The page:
It’s imperative that you pay close attention to your weight if weight loss/gain is your goal. If your goal is to lose weight and that’s not happening, you need to cut calorific intake (how much you’re eating). If you’re trying to gain and not seeing results, you need to eat more. That’s it. Understand this, pay close attention to it and act on it by eating more or less to hit your goals.
Our weight fluctuates by a few pounds due to hydration levels and whether we have food inside us. Therefore, weighing yourself more than 1-2 times a week is pointless. Try not to be obsessive with the scales. Try to weigh yourself under the same conditions and hydration levels each time, for example first thing in the morning.
Many people get great results with a diet or plan… until it stops working. This is pretty common and can be demoralizing and demotivating. Generally, it’s much easier to lose weight when you’re overweight and obese people who start eating right often see astounding results at first. But when you get more into the ‘normal’ and healthy weight range, things become a little more difficult sometimes. Often people are happy with their bodies, apart from a bit of stubborn fat, or perhaps something with their shape. Our bodies have evolved to store fat as an energy source for when food is scarce, and it hasn’t quite caught up with the fact that there’s a supermarket down the road with a virtually endless supply of food. Therefore it doesn’t like dropping below a certain weight in case it needs to burn that fat later for energy. After all, we have evolved to survive. For men, dropping below 10% body fat becomes hard for this very reason, and lots of guys find their plateau around this level.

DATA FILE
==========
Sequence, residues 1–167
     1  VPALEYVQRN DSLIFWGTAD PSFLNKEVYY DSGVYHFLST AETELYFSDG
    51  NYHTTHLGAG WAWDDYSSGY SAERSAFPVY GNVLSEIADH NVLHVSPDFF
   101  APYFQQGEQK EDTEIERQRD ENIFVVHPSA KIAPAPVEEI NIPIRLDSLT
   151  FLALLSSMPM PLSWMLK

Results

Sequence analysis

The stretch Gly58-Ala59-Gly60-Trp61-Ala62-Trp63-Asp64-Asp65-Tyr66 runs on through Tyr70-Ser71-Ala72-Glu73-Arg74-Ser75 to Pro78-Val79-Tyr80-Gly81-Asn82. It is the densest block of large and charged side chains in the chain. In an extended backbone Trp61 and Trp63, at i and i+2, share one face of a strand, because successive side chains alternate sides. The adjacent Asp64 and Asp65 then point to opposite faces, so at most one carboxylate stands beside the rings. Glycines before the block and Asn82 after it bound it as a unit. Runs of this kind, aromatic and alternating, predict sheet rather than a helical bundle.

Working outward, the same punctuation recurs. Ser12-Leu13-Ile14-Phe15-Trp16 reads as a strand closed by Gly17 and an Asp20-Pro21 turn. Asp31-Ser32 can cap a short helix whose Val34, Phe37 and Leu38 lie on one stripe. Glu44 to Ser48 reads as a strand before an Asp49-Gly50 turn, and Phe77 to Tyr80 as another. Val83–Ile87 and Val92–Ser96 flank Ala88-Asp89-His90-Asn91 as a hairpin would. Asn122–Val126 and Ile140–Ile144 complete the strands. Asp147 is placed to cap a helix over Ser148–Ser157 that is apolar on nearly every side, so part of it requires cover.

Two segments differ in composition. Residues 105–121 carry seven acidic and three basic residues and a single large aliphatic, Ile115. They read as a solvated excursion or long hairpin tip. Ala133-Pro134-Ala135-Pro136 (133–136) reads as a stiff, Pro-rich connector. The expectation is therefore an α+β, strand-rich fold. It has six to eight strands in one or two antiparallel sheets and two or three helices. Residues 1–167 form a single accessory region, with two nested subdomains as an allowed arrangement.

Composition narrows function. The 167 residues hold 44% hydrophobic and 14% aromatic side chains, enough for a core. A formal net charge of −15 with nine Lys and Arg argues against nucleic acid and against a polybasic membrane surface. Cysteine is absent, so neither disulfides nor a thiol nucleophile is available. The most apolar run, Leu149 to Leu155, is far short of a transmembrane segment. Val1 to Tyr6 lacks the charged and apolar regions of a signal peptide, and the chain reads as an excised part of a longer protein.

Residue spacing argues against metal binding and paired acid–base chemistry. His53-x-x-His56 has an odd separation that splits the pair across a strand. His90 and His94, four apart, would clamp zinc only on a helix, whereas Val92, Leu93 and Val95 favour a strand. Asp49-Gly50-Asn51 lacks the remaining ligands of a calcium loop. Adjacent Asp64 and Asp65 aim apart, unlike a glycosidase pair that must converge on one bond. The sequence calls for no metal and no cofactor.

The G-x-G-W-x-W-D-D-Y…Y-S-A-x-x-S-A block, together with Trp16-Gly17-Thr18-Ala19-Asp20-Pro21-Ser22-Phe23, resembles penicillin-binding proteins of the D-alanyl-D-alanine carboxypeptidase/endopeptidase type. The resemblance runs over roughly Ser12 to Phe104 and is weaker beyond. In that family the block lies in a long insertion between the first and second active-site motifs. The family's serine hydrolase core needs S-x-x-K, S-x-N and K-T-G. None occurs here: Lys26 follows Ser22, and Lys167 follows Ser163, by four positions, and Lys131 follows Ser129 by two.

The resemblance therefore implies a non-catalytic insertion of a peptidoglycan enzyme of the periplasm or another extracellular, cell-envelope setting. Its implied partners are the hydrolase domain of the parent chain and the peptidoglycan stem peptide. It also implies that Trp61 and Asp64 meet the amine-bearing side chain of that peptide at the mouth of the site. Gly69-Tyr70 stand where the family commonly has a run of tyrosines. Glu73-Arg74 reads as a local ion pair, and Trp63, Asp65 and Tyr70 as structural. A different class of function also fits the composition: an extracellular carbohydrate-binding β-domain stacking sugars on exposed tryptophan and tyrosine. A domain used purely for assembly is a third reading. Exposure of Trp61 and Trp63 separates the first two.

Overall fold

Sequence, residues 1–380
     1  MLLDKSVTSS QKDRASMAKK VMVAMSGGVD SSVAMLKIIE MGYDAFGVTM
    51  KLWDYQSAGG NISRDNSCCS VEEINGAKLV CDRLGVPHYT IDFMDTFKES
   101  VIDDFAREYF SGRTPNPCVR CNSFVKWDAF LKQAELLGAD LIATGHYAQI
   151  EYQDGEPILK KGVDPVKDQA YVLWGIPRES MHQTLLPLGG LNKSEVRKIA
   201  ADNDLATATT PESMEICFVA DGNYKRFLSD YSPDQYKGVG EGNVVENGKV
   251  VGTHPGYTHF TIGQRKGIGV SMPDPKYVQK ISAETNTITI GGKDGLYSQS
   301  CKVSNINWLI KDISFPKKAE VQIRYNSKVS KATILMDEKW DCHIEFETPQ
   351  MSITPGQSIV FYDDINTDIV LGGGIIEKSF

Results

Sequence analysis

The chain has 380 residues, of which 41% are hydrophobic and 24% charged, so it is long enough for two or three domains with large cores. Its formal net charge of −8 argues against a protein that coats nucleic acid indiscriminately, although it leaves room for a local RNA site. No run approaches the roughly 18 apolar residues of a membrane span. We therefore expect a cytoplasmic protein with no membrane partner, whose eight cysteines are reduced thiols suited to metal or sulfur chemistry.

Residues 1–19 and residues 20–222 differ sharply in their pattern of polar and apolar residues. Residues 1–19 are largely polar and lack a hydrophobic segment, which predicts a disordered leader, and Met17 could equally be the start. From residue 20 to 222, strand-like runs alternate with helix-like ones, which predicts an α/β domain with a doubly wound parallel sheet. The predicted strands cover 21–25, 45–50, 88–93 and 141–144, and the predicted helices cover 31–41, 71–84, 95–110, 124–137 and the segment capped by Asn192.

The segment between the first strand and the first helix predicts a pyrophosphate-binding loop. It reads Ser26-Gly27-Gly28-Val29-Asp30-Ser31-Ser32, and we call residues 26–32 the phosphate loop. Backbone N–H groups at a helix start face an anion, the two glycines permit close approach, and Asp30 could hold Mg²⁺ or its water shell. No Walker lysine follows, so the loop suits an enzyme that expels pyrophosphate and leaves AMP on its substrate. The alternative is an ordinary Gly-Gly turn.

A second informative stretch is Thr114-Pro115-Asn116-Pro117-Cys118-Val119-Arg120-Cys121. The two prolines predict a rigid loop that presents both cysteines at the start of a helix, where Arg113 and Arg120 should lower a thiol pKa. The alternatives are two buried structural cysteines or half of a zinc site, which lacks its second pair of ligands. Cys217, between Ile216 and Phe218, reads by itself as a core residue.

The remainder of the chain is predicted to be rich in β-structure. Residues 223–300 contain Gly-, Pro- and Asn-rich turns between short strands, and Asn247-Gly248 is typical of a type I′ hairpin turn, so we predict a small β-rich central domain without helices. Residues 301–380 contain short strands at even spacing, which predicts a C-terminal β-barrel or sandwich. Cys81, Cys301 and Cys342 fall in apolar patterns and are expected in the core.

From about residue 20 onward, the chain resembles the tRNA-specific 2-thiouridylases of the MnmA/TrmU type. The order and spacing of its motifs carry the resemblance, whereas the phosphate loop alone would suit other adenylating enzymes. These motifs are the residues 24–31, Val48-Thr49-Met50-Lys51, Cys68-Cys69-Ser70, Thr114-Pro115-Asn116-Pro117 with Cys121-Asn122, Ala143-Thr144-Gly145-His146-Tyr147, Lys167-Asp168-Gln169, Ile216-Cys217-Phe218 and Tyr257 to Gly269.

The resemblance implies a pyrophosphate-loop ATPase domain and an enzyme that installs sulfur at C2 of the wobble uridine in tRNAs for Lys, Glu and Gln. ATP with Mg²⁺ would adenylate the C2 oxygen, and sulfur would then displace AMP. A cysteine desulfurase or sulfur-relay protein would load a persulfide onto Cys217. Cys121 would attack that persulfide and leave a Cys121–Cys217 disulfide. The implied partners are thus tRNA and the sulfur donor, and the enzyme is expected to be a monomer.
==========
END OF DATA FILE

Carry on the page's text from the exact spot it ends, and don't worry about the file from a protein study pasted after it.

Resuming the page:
Where we burn fat is largely due to genetics. You cannot ‘spot focus’ or burn fat in a specific area (such as stomach or thighs). When your body burns fat for energy it will not take it from the stores (areas) that you necessarily want to burn. In overweight people, fat is usually lost in the face and neck first, which is often welcomed, but later on you may find some areas stubborn. The first thing to remember is that weight loss in not linear – you will not necessarily lose a pound each and every week. You may lose a pound each week for 3 weeks, then see no change for a week, then you may lose 2 the week after. Remember this and try not to become disheartened. Secondly, sometimes diets just stop working so well for people. Perhaps you need to change things, increase the intensity or type of your exercise or try something different such as intermittent fasting. Perhaps, as touched on before, you need to look at other areas of your life like stress and sleep. This can sometimes be enough to break through your plateaus and continue seeing results.